Spaces: Apple's take on virtual desktops

A convenient, if not new, method of organising imaginary displays

Although Apple has been mum on many of the details of Leopard, CEO Steve Jobs did preview some of the coming attractions back in August. This month, I'm looking at another of those new features in Leopard that has gotten a lot of attention -- and engendered a fair amount of informed speculation -- among Mac fans: Spaces.

What is Spaces?

Simply put, Spaces creates virtual desktops. A virtual desktop acts like an imaginary second display, allowing you to position a number of windows among various virtual desktops. You can also switch between them, in effect turning your head to look at a different "physical" screen.

As with using multiple displays, the advantage of virtual desktops is that you can organize the various applications and windows that are displayed at any given time without closing them or minimizing them to the dock. You can still have windows from a dozen applications open -- but you're not distracted by all of them overlapping each other. Of course, virtual desktops are much less expensive than purchasing multiple displays (which isn't really an option at all when you're working on a MacBook in a coffee shop or library).

For example, if you're a graphic design student, you might be in the college library with your MacBook working on a project with multiple Photoshop, Illustrator, Word and Quark windows all open at the same time. You might also have iChat and Mail open, too. And if you've got headphones with you, chances are that iTunes is running. That's a lot of windows for a single 13.3-in. screen. Enter Spaces, which allows you to group together all of the windows related to your school projects on one virtual screen, or Space, and have another screen for e-mail, iChat and iTunes. Even better, you can create a different Space for each project -- or piece of a project -- you're working on, perhaps using Spaces to group all of your Photoshop and Illustrator windows together while keeping the Quark and Word windows for text and layout apart.

All Spaces will have the same resolution or screen size, which is determined by the display settings for your computer. If you change the display resolution of your computer, each Space will be affected, too.

Switching between Spaces

Apple's design of Spaces makes switching between each one very simple. You can click the F8 key (a hot key that can be changed in System Preferences if your F8 is otherwise in use) to display a virtual map of your various Spaces and then select the one you want with the mouse. (It's much like the way Expose allows you to see all of your open windows and then select one). You can also press the command/Apple key and one of the four arrow keys. That allows you to switch to whichever Space is "next" to the one your using. The arrows correspond to the virtual map of the Spaces you've created. When you press the F8 key, you can even drag individual spaces around to reconfigure the virtual map.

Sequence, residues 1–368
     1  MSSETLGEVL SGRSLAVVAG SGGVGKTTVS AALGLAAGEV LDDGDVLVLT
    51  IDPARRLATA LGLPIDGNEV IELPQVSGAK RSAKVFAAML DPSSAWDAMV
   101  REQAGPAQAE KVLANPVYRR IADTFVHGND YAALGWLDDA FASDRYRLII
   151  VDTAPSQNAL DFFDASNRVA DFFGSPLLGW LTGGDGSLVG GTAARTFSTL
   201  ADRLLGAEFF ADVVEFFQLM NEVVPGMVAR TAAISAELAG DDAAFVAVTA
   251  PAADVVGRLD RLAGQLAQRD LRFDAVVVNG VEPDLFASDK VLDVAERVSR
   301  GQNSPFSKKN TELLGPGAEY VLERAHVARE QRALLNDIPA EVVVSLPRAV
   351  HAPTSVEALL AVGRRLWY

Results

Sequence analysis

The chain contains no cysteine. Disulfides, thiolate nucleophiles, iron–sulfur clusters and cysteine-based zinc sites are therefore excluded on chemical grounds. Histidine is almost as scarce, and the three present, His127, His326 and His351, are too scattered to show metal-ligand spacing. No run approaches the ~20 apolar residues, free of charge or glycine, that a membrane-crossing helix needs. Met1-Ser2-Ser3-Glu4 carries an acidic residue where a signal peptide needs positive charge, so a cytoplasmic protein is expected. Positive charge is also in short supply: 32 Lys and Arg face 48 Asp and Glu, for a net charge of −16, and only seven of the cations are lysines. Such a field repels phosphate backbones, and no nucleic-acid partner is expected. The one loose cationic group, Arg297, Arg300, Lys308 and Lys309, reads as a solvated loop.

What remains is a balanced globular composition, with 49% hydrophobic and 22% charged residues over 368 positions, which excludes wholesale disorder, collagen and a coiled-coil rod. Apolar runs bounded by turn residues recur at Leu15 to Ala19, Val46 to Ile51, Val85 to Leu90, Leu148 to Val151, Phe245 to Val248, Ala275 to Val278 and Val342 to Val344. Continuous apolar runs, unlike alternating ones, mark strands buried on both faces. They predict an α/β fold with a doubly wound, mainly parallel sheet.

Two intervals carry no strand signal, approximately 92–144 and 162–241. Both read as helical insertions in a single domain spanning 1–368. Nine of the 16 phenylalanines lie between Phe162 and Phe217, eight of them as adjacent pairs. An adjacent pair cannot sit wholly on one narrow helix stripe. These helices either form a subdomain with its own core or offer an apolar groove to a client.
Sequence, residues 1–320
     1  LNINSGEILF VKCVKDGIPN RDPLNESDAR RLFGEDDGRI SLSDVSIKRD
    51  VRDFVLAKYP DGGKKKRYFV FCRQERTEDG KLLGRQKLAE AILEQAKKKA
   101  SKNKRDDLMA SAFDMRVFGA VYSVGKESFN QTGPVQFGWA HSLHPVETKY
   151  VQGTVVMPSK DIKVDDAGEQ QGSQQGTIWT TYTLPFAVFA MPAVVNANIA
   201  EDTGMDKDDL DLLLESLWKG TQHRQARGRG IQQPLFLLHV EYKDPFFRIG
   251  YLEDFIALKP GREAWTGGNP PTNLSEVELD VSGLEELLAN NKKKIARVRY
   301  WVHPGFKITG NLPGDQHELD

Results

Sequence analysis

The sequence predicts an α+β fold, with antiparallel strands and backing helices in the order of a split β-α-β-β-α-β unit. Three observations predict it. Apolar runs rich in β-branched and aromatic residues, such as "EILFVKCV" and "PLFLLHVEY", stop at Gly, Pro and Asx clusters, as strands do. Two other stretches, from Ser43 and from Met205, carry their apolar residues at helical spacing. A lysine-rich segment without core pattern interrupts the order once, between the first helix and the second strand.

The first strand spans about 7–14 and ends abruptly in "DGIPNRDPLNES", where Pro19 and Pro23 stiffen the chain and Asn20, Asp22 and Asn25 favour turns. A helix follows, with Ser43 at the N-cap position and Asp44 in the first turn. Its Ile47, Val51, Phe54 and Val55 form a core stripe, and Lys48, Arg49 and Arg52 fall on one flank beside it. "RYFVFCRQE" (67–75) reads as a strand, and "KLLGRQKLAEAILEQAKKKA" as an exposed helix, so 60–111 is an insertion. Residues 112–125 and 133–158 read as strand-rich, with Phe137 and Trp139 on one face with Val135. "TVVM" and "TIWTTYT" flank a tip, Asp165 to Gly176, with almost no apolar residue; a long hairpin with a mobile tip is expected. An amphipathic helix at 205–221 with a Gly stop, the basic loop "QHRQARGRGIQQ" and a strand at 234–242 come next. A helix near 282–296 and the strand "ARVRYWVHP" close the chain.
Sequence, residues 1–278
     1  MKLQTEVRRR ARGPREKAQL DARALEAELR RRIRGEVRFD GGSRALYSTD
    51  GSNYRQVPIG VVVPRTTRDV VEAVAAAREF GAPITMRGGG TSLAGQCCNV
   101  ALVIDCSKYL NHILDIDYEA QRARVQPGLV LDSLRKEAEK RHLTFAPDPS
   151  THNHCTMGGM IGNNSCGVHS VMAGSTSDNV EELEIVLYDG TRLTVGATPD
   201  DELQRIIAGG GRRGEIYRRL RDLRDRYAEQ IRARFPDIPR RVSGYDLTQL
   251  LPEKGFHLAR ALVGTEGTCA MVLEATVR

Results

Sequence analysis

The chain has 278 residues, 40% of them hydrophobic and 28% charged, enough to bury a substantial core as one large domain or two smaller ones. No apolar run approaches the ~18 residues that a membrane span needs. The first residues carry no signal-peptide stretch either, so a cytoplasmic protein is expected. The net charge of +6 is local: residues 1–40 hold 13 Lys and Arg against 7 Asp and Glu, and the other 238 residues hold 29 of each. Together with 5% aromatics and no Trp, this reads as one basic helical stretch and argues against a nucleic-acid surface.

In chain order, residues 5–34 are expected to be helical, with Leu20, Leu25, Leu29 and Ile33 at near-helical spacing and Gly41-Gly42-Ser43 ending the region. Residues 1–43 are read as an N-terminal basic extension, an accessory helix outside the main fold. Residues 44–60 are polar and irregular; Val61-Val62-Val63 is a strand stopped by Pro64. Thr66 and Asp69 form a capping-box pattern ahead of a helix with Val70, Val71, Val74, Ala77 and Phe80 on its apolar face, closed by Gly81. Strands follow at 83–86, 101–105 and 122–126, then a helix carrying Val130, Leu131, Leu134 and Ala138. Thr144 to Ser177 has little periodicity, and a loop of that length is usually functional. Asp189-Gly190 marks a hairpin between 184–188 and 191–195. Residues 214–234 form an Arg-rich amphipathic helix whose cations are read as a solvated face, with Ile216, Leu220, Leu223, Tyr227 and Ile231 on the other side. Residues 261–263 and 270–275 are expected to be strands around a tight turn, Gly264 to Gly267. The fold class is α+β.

Not only can you rearrange Spaces while viewing this virtual map, you can easily drag windows from one space to another. In the earlier example, you might opt to drag a Photoshop window into the same Space as a Quark document. That way you could see how well the image you're working with fits with other elements on a page. This also reflects another point: Spaces are as much about organizing windows as applications -- an application can have multiple windows in different Spaces. Not surprisingly, this ease of interaction between Spaces is one area where Apple has excelled in designing the usability of a virtual desktop solution.

What about the finder, dock, Expose and application switching?

In designing Spaces, Apple had to make choices about how various standard OS features would interact with multiple virtual desktops. The first of these features is the dock. Apple could have chosen to display the dock in only one Space (much as it's displayed with multiple physical displays). Or it could have displayed it in each Space, showing only the applications running in that Space. It wisely chose neither approach. Instead, it made the dock display consistent in each space -- meaning that it looks identical in every Space, with all running applications shown, regardless of which particular Space contains the windows for that application.

When you select an application -- either from the dock or by using the application switcher key combination (command/Apple-tab) -- whose front-most window is in a different Space than the one you're currently using, you will automatically be switched to the appropriate Space. It's a little unclear how Leopard will determine which window is front-most if an application contains windows in multiple spaces. It seems logical that the most recently used window will be selected, much as the application switcher always displays the most recently used application as the next choice. But for those kinds of details, we'll have to wait on Jobs and company for more information.

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Ryan Faas

Computerworld
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